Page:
The marketing and technical performance of a mobile app relies largely on analytics and metrics, and even if you want to make your app as cost-effective as possible, you must still leverage analytics. It’s essential for the success and future growth of your app since there are only a handful of ways to obtain such valuable information and feedback.
Though the process of gathering and analysing data starts shortly after deployment, you must consider it before you begin designing and developing your app. A number of the crucial decisions that you’ll make during development will actually be based on your app’s objectives, along with its performance from a business perspective.
While mobile analytics seem similar to web analytics, there are key differences. It involves various metrics that you can use to enhance the performance of your app. The problem is that for many, it’s tough to pinpoint precisely which ones they need to pay attention to.
In this post, we will take a close look at the most important key performance indicators (KPIs) for mobile apps and discover which ones you can use.
In the mobile world, all metrics can be classified into three groups:
- Performance and user experience (UX) metrics
- Engagement metrics
- Sales/Revenue metrics
All three are equally important, so let’s talk about each one in detail
Performance and User Experience (UX) Metrics
UX metrics refer to a set of quantitative data points that are used to compare, measure, and monitor the user experience of an app over time. They are imperative for ensuring that UX design decisions are made and assessed using verifiable info instead of opinions.
These metrics will enable your development team to identify issues that compromise user experience. They will also allow your team to make tweaks and improvements from a technical standpoint.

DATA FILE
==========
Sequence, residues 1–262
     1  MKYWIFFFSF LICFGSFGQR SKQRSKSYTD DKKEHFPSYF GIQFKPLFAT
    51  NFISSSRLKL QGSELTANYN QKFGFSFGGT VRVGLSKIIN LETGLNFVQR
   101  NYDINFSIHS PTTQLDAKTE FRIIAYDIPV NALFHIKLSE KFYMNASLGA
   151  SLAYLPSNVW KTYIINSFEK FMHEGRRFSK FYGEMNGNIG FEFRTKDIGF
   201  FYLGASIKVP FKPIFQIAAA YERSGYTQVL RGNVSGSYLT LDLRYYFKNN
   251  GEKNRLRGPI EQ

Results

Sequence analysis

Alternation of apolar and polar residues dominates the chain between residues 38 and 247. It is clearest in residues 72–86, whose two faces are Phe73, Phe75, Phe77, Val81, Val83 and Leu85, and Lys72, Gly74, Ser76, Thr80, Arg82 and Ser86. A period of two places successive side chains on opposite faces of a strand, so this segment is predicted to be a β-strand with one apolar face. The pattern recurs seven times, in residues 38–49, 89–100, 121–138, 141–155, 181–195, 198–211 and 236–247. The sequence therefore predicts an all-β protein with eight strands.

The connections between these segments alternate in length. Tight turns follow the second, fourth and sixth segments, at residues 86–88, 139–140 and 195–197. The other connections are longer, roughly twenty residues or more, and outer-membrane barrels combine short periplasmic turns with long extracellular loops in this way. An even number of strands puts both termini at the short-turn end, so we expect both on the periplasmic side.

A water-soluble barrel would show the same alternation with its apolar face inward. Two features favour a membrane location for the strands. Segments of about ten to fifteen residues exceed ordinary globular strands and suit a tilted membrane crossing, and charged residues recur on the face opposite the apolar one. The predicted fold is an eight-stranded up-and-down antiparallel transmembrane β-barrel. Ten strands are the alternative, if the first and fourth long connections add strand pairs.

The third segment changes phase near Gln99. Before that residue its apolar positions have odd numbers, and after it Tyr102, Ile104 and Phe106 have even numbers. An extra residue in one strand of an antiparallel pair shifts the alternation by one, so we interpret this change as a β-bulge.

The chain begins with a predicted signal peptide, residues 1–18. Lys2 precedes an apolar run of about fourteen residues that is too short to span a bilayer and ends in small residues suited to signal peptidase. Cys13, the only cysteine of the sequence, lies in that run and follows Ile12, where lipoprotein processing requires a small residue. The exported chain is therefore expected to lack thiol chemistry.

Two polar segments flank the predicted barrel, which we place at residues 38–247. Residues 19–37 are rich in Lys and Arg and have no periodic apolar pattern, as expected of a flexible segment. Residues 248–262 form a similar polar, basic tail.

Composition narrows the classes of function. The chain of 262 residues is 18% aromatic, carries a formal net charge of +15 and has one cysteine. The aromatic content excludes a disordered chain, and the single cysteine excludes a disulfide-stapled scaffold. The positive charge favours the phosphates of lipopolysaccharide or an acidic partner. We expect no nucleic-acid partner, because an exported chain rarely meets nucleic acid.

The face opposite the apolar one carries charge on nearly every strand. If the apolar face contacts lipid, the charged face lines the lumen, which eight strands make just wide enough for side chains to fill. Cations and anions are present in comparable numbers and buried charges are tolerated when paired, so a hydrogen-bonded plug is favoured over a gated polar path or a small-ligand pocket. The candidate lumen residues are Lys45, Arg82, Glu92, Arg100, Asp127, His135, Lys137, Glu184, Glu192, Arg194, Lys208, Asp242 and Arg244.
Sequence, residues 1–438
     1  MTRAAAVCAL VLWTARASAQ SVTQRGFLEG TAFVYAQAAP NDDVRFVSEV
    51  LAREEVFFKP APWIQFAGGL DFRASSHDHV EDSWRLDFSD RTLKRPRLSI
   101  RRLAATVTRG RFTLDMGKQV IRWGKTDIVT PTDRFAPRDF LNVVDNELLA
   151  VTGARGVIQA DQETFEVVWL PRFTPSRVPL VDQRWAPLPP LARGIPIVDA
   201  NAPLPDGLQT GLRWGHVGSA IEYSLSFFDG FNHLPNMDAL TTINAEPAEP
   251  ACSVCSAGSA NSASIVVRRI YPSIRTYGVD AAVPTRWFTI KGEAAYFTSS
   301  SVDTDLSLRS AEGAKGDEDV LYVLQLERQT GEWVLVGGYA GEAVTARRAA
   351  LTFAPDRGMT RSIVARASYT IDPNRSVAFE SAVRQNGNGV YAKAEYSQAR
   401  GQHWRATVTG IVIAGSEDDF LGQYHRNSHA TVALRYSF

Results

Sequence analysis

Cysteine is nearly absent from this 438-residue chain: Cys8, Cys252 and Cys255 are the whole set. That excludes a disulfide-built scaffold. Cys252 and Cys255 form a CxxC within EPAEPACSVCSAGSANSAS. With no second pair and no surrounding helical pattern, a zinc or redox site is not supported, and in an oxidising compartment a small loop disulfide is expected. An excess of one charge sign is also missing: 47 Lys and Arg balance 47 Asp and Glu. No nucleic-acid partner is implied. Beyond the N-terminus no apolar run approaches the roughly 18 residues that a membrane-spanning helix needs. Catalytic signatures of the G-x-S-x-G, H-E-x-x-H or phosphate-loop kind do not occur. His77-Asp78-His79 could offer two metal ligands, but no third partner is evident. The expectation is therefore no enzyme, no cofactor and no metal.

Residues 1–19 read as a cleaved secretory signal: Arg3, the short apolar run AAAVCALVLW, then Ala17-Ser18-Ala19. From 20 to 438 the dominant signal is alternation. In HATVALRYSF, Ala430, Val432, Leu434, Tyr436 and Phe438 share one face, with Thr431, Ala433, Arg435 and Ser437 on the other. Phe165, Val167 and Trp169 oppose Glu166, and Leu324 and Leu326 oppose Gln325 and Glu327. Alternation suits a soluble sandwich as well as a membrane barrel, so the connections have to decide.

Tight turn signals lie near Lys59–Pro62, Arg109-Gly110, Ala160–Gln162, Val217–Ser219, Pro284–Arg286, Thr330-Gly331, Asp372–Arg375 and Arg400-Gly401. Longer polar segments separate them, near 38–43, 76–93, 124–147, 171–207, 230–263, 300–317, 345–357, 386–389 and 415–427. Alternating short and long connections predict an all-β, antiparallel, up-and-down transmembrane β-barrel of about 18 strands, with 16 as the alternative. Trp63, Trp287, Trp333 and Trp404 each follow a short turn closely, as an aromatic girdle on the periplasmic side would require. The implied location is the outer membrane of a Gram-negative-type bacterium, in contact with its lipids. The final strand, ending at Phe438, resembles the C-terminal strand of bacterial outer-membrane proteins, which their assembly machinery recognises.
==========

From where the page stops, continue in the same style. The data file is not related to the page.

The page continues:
Devices and Operating Systems (OS)
This will tell you the specific type of devices and OS used by your target audience. It will allow you to know your target audience better so you can personalise your offers. If majority of your audience are Android or iOS users, you can make the necessary preparations and modifications during the course of your app design and development.
You can also make adjustments to your quality assurance strategy. When you know the most commonly used devices, you can concentrate on them while testing your mobile app. This will allow you to build the best possible app for your intended users.
Mobile users are generally impatient. They may wait at first, but they will likely abandon or uninstall your app if it is slow.
The recommended loading time for a mobile app is 2-3 seconds. But according to a 2017 study by Akamai research, the conversion rate drops by 7% for every additional second that the app consumes.
If you consider this in terms of your revenue, the lag will cost you thousands of dollars. Hence, it’s imperative to test and improve your app’s load time.
One of the main reasons why mobile apps crash is the sheer variety of device operating systems, each of which likely having its own set of rules. Other possible causes include the complexity of the app, inadequate testing, poor network conditions, unexpected user actions, inappropriate memory management, and specific OS features of a device manufacturer.
A crash report will reveal at what point the app crashed, what triggered it, and where you can find it. This is crucial because people get pissed off when mobile apps crash. Based on a survey conducted by Dimensional Research, if an app crashes, 53% of users will uninstall it.
Engagement metrics define the manner by which users interact with your mobile app and tell you whether they love it.
There are different tools that you can use to obtain direct insights into user engagement. Bear in mind that engagement rate has a direct correlation to your revenue, so you must pay close attention to it.
Number of Downloads
The very first step to achieve app success is to attain a huge number of downloads. This is generally regarded as the most important metric for quantifying user engagement because the main goal is to consolidate a broad user base.
Understanding and monitoring the source of your app installs is also crucial because from a marketing perspective, this will help you assess the effectiveness of your marketing strategies and advertising channels.